Example: a parking garage.

Attendees commented.
  • The problem is prevalent - many people bring up this issue. 
  • We can't keep ignoring it, yet that is exactly what is happening. 
  • There is a conflict with the businesses in the Upham's Corner business district.  They do not want to see parking enforced because it will take away from their clients.  The people who are looking for places to park want to see it enforced. 
One resident believes that the Upham's Corner Health Center is contributing significantly to the parking problem.  (Not that they are at fault.  There simply isn't adequate parking in Upham's Corner.)
  • There are approximately 20 parking spaces in the tiny parking lot associated with UCHC. 
  • Everyone else, both employees and patients, must park on Columbia Road. 
  • That fills up all the available parking spaces from Quincy to Upham's Corner. 
  • That is not going to go away whether St. Kevin's is here or not.
Resident concern:  Building A, at five stories, is too tall.  This creates shadows but also an unusual streetscape. 

POUA has been looking at several interventions: 
  • Do a setback on the top floor to diminish its overall effect
  • Move some of the Building A units over to the Building C area.  Dropped because of its impact on Bird Street.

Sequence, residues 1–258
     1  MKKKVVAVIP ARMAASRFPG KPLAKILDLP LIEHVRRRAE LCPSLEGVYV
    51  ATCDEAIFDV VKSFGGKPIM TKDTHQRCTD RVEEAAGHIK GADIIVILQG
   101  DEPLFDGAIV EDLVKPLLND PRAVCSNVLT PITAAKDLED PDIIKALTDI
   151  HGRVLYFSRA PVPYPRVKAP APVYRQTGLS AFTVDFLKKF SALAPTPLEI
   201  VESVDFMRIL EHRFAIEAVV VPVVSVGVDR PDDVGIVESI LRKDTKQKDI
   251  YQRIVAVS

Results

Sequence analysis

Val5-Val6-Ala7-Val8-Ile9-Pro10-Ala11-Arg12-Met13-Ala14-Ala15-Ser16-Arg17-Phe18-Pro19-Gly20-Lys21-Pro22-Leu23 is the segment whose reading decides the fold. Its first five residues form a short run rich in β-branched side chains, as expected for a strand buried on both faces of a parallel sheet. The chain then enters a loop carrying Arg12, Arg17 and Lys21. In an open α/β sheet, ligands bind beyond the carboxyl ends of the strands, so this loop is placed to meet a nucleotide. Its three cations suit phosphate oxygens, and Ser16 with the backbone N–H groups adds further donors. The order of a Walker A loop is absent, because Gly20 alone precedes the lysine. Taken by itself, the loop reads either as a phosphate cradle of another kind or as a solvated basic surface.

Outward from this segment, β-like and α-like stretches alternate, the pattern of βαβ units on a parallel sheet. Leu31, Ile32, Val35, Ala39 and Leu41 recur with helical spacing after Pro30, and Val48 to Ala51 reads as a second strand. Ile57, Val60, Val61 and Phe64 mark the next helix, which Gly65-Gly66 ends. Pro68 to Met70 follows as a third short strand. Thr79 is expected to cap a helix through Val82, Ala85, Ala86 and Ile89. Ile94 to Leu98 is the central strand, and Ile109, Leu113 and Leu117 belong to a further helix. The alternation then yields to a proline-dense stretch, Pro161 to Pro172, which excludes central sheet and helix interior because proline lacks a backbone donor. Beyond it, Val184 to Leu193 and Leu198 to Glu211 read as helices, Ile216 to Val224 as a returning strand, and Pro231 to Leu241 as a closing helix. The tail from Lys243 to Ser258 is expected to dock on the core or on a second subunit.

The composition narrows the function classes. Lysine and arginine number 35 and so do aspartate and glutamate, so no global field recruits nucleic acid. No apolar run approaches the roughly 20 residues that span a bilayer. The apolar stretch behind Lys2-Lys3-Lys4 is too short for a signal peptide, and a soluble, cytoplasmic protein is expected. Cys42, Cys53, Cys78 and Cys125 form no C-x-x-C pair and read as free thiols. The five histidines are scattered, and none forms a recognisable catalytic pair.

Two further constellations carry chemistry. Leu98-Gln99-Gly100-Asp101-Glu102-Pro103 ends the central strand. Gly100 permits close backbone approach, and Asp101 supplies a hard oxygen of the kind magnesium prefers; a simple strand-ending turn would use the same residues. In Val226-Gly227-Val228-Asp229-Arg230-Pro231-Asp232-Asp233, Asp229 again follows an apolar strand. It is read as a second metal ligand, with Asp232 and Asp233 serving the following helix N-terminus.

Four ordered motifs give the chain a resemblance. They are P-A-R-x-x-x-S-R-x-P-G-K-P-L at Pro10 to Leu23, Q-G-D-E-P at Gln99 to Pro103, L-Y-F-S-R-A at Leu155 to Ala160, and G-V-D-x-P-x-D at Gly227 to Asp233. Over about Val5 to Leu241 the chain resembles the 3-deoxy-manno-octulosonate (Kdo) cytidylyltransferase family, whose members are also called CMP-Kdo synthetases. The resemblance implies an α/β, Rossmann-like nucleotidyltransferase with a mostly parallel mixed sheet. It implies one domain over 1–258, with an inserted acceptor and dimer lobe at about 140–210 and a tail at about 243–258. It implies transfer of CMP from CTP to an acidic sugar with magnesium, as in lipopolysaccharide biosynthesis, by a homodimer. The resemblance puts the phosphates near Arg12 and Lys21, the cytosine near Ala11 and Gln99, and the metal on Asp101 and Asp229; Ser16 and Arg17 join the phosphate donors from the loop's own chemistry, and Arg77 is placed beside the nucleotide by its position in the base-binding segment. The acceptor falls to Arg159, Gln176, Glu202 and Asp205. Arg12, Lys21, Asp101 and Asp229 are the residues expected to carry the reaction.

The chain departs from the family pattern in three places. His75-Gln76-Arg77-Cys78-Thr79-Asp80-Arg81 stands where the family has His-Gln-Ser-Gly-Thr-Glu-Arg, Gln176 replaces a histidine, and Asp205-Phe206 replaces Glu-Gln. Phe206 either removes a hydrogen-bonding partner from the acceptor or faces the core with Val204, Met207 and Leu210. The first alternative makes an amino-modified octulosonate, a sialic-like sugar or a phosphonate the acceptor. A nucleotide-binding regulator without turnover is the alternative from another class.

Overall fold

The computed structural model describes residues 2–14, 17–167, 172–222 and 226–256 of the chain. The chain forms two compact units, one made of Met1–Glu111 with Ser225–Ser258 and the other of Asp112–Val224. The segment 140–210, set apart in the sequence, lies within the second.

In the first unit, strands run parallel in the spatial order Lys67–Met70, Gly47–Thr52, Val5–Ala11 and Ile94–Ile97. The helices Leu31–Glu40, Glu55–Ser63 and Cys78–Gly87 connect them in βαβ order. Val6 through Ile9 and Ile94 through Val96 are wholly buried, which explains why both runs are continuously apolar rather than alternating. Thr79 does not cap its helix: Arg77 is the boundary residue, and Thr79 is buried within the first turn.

• Move some of the units scheduled for Building A over to Building B.  This would necessitate adding an additional floor to Building B.  POUA architects are looking at the Building B structure.  This would allow Building A to remain at a four story height. 
Marti Glynn talked about the library and its relationship to the neighborhood. 

"We started this conversation with density and I don't want that to get lost.  I think that it's really important that the five-story building become a four-story building not just for the shadows that would be cast on the yards of the Virginia Street abutters but also from the perspective of the Upham's Corner streetscape and the height of the buildings."  She pointed out the five-story building directly across the street from the Upham's Corner Health Center (422 Columbia Rd). 

"If you look at the building, it is so out of scale with the rest of the streetscape and the rest of the block.  It gives you a sense of how jarring a building of that height could be.  [Even if you create] a small setback somewhere, generally these buildings sit right on the sidewalk so it really does become Gotham city looking up at it."

She added:  "I would hate to see Upham's Corner go towards a high-rise streetscape.  As President of the Friends of the Upham's Corner Library, we very much want a library but we don't want a library at the expense of our neighbors' well-being.  It's really important to us who represent the library that people are heard and that there is a real compromise."